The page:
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One Morning In Baghdad...

By Sabah Ali

10 January, 2006
Brussels Tribunal

Human rights meetings are always interesting to me, no matter what. Just to show up in such meetings is support to people who desperately need it. There are millions of them in Iraq nowadays. That's why I decided to go to Falloja to attend one of these meeting although I was invited on a short notice.

As usual, no taxi driver was willing to take me to Karkh (western side of Baghdad), where the Alawy car station is. The streets are jammed, they say. It was 8; I need to be in the station at 8.30 at least. I told the fourth taxi driver that I would pay whatever he asks. Less than three minutes later, we were at Al-Tahrir Square. Al-Jumhooriya Bridge was blocked by the American vehicles. In the next square, Sinak, a minute away, the Sinak Bridge was closed too. The square was a lake of stagnant cars. There were hundreds of young and old people, men and women, crossing the bridge on feet. Tens of police and military vehicles were jammed with policemen and soldiers, pointing their guns in different directions, blocking the roads and bridges, more than the usual. I decided to cross the river on feet. The driver took 3000 dinars (more than 2 dollars). The transportations fees doubled or tripled after the latest rise in the fuel prices.

I asked one of the policemen in a pickup, he was smoking absent mindedly, what was going on. "I do not know" he replied with a shrug of his shoulders, puffing out the smoke. "Is there any explosion?" I asked again. "No!" He was sure.

Climbing the bridge, even on feet, was not an easy matter. The barbed wires left small space to pass, and going through pointed guns was not a comfortable experience. A fat women in her fifties was cursing and breathing with difficulty. Two American hummers came from the opposite direction, where the green zone is, followed by a black-windows car and three other hummers.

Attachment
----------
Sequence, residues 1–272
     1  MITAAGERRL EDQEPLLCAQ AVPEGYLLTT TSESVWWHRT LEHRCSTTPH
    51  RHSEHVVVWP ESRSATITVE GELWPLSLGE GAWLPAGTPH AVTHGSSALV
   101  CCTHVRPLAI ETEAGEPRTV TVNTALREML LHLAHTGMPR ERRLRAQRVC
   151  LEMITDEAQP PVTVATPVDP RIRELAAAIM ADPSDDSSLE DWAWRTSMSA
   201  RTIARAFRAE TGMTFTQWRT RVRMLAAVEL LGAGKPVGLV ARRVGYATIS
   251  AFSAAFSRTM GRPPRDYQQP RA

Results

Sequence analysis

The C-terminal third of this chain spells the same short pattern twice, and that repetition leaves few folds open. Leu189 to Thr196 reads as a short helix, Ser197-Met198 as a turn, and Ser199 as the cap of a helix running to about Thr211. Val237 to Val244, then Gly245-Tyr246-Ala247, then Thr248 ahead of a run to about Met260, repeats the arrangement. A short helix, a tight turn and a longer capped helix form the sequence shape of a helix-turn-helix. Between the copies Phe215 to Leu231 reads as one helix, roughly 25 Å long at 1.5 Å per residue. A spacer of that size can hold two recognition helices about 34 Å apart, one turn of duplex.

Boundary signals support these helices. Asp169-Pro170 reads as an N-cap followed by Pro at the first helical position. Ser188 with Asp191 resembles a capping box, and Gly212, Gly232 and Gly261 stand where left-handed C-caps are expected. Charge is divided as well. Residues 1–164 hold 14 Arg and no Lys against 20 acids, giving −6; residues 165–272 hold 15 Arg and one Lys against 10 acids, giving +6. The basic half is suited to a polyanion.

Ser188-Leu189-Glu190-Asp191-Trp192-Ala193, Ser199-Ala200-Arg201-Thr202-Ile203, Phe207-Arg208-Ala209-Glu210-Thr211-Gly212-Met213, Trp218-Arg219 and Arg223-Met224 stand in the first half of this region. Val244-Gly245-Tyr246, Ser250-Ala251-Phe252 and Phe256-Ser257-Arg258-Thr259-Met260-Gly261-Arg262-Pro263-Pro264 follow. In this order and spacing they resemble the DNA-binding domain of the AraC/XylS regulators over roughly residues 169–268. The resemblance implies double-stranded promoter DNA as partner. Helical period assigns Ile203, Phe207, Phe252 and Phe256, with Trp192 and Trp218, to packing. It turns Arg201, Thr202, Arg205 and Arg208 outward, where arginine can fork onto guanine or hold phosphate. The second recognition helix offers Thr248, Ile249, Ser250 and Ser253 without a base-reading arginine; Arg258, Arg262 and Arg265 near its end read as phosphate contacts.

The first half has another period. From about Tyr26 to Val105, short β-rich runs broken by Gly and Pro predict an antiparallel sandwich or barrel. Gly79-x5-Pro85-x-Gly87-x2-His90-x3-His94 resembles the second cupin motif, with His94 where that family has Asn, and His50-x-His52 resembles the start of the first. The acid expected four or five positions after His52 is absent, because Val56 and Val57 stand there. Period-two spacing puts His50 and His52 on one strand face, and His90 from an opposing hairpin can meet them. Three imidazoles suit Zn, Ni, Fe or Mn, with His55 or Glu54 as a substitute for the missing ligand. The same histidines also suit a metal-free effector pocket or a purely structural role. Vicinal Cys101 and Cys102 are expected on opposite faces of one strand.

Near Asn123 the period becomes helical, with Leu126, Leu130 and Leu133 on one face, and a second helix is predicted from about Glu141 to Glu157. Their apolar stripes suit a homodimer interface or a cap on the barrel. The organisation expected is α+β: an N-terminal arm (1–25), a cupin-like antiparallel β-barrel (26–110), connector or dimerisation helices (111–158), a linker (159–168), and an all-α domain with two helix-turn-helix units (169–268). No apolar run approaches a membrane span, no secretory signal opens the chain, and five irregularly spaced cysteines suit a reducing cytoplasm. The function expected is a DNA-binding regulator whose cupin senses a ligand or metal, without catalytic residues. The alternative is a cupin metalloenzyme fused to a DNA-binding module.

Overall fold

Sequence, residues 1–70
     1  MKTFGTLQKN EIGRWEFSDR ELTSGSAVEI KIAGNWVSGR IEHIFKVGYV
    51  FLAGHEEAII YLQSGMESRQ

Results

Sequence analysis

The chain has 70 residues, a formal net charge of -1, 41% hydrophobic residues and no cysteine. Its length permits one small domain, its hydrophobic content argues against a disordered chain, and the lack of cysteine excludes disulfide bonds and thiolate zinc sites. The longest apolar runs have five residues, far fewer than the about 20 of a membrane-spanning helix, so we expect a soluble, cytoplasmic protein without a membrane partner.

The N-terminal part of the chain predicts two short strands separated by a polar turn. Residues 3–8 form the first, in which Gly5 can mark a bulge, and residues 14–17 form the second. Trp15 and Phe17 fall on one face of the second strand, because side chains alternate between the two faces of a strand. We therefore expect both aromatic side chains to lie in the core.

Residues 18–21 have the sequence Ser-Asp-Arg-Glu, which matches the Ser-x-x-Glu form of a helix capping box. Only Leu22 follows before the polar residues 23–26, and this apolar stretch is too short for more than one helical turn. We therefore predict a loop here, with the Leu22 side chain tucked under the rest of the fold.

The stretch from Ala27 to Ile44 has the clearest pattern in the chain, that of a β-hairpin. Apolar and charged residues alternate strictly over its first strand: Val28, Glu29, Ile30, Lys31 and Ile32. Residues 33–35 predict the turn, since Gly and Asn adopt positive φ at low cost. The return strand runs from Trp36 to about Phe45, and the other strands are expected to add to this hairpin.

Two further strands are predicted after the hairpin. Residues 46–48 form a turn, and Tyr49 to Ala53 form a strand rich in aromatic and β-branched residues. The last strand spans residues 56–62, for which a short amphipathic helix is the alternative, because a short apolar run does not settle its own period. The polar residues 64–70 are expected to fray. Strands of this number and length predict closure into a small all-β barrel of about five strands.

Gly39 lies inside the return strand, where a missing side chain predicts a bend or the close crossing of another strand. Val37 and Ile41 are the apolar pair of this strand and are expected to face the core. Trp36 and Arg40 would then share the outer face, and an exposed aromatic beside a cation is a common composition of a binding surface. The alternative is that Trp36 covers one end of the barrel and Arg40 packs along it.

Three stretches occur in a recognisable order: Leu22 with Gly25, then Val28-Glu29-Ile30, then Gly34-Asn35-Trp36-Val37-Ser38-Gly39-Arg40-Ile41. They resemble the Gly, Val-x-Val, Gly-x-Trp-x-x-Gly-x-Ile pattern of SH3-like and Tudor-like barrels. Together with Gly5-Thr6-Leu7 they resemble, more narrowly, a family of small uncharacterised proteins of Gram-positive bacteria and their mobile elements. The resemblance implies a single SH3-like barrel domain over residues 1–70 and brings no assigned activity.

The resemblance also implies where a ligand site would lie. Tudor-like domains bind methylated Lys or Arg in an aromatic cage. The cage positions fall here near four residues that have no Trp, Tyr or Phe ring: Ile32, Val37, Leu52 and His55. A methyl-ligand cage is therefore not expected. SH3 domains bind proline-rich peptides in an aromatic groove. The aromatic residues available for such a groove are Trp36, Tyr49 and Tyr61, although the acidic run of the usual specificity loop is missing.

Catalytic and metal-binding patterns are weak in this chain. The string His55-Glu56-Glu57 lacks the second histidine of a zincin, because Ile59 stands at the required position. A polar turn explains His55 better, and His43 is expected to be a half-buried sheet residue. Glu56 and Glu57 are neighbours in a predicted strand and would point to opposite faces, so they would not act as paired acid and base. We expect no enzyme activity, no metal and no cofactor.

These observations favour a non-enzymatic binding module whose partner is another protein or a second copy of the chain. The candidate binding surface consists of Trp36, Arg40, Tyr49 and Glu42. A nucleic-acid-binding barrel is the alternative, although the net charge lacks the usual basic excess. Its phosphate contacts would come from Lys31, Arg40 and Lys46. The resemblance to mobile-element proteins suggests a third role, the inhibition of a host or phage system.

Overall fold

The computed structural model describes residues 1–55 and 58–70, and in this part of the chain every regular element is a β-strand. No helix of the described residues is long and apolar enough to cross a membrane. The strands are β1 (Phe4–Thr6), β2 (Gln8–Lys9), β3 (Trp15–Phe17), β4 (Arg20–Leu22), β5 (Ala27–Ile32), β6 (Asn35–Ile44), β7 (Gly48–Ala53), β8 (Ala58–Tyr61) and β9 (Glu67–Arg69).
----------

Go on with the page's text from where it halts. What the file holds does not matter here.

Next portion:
"That's why they are blocking the roads" the fat woman said "they are protecting their masters". She was sweating and putting her hand on her chest. "Are you alright? Do need help?" I asked. She was leaning on the bridge fence, facing the river. "It's my heart" she replied breathlessly. On the right, in the Ahrar bridge direction, a huge cloud of black smoke was going up. So, there is an explosion after all.

The middle of the bridge was cut by more barbed wires and different police cars and trucks again. Some of the police men were taking the firing position on the ground. Some men were arguing with an officer who was trying to explain some thing.

"These are the regulations" he was repeating "we are not in normal conditions, the Interior Minister's sister is kidnapped as you know, and there is a big military and police search operation going on today". The men were interested enough to discuss how futile the operation and the technique are.

A woman in a black leather coat, with long brown ponytail, was discussing the salaries and pensions with two young men, before me. She sounded strong and well-informed. I felt happy to see an Iraqi woman, different from the gloomy stereotype drawn for Iraqi women nowadays. But the voice was familiar. Passing by them, I recognized her. She is a painter or a sculptor, known for stealing paintings and works of art from the Modern Arts Museum after the invasion of Baghdad in April 9, 2003.

The roads on the opposite side of the bridge were also closed. There were no cars, only the military. To go to the Alaway station I had to walk all the way from the Information Ministry old building, the April 28 area, the Green Zone, the ministry of Foreign affairs, the head quarters of the Kurdistani Democratic Union, only to find out that the station was closed. Needless to say, all the roads were closed. Police cars, sirens, bullets, guns, shouts and the American vehicles were filling the atmosphere. People were not allowed to go out or in the station. For some reason a policeman waved to the garage busses which were waiting for too long, to go out. The rush was crazy. Another policeman ran very quickly in the garage gate direction, shooting bullets in the air and shouting "inside, all the cars inside..." The people were very angry "why are you arresting us here? We have to leave…etc". The shouting became mad. The police man was firm. NO car moves. The people, cursing everything and everybody began to leave the cars, the busses and the garage.

"I have to go to Falluja" I replied to a student who was asking how to go to the university.

"If you manage to reach Amriya, there are cars there which go directly to Falluja"